If I am suing a large national corporation in small claims court, on whom and at what location do I serve the papers?

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If I am suing a large national corporation in small claims court, on whom and at what location do I serve the papers?

The guideline pamphlet put out by the state says that a business may be sued in small claims yet sates that the case should be filed in the county of residence of the defendant. A business does not have a residence per se and this one does business in all counties. I need to know how to pick an individual to serve to papers on.

Asked on April 30, 2012 under General Practice, Washington

Answers:

Kenneth Berger / Kenneth A. Berger, Attorney at Law

Answered 9 years ago | Contributor

I have seen different judges here in Washington handle this issue in different ways.  Some will let the case move forward as long as good service is made on the corporation, which in the case of a small claims case is usually by certified mail.  Others will not only require good service but will wait and see if the rep from the corporation shows up and if they do, they will ask them to waive any objection to jurisdiction.  Other judges will look to see if the corporation was doing business here in the area covered by the small claims court and may consider the jurisdiction as ok if they are.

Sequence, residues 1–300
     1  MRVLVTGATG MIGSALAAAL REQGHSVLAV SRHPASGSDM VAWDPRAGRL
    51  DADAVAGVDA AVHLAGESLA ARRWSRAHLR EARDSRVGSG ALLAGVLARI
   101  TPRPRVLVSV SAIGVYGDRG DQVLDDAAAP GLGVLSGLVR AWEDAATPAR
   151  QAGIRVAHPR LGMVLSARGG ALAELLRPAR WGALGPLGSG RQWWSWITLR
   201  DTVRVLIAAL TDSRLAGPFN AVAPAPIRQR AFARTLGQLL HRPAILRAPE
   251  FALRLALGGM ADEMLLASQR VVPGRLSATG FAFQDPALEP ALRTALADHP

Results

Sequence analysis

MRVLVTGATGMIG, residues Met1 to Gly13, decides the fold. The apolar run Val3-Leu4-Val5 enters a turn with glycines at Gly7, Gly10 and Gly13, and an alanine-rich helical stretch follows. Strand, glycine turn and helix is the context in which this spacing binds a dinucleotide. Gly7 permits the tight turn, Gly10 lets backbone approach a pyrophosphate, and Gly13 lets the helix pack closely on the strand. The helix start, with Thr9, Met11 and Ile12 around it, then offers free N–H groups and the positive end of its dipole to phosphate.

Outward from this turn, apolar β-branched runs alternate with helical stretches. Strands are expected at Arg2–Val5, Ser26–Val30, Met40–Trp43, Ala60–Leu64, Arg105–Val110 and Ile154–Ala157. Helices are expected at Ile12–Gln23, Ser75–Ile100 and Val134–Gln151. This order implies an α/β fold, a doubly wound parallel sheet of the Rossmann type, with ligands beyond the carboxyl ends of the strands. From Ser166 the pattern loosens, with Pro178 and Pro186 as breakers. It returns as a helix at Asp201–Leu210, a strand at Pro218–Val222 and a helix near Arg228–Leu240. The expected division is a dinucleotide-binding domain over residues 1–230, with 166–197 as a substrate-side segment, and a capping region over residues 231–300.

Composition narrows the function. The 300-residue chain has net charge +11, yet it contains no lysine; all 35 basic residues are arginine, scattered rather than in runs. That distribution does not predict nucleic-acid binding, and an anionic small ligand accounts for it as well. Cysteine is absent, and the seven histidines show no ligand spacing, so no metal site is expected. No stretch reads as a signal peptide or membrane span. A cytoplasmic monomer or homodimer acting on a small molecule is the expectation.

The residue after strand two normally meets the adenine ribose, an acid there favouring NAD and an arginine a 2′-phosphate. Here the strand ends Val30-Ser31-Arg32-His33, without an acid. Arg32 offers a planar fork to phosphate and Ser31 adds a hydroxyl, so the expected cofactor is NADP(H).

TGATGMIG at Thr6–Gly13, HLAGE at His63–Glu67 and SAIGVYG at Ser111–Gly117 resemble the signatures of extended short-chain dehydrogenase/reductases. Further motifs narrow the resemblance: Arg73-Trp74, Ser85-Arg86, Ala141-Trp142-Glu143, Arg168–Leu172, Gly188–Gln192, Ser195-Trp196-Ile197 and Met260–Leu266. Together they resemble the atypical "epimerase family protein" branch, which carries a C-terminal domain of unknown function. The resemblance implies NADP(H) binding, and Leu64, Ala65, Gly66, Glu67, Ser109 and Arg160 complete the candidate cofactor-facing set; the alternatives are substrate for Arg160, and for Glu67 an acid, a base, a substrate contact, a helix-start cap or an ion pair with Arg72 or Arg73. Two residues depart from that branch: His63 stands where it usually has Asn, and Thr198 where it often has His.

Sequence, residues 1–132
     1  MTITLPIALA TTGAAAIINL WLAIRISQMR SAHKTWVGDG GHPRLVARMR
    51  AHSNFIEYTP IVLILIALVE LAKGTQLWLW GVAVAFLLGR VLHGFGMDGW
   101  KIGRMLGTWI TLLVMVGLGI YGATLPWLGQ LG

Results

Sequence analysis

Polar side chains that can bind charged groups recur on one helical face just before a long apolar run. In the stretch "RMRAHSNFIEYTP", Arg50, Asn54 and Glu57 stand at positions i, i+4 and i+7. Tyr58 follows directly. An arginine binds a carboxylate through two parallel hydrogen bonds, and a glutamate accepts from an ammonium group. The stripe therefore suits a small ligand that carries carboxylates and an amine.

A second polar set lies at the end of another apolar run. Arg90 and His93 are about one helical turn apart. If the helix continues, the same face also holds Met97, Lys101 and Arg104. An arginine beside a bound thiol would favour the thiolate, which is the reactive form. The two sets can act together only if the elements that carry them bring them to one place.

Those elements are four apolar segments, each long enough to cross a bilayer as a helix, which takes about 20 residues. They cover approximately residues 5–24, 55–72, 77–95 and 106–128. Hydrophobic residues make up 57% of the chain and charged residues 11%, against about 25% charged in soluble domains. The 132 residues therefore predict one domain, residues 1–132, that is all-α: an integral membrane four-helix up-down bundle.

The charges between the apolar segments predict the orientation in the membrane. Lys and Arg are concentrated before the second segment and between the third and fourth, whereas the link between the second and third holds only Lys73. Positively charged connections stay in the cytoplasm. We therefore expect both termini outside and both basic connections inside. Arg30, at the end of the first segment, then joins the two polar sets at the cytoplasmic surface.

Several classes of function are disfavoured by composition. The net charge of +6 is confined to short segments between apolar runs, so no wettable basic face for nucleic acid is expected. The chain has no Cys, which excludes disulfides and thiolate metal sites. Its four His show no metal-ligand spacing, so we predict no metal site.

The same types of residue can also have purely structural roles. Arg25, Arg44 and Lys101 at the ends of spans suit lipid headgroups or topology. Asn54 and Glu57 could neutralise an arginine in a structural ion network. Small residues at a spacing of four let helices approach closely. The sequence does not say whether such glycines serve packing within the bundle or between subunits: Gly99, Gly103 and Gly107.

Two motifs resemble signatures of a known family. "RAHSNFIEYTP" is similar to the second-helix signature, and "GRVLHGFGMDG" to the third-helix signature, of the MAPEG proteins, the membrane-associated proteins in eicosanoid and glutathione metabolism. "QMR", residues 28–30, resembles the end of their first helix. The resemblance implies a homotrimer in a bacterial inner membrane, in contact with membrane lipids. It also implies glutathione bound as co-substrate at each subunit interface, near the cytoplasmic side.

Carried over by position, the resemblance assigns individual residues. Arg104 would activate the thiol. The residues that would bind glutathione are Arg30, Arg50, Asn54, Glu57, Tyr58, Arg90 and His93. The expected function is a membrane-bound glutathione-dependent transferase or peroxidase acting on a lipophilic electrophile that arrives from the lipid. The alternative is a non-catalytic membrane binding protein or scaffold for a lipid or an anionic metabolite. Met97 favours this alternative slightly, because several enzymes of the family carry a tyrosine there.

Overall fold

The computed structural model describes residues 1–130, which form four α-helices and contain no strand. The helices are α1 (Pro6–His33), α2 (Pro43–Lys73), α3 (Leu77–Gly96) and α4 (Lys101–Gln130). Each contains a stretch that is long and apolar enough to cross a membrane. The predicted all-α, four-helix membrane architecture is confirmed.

As to who you serve a small claim on, an officer of the corporation, or the registered agent, are the usual suspects.  Good Luck!

As always, my comments are only applicable to Washington State and are not a substitute for getting competent, local, and more comprehensive, legal help.

 

S.L,. Member, California Bar / FreeAdvice Contributing Attorney

Answered 9 years ago | Contributor

A lawsuit can be filed where the plaintiff resides or where the defendant resides or where the claim arose.  You would name the corporation as the defendant in your lawsuit.  The lawsuit can be served at corporate headquarters.  If the corporation is doing business in your state, it should have an agent for service of process.  That agent for service of process can be served.  The Secretary of State's Office in your state should have the information on the agent for service of process in your state for the corporation.  If that information is not available, you can have the lawsuit served on a high-ranking official of the company such as the president, CEO, etc.


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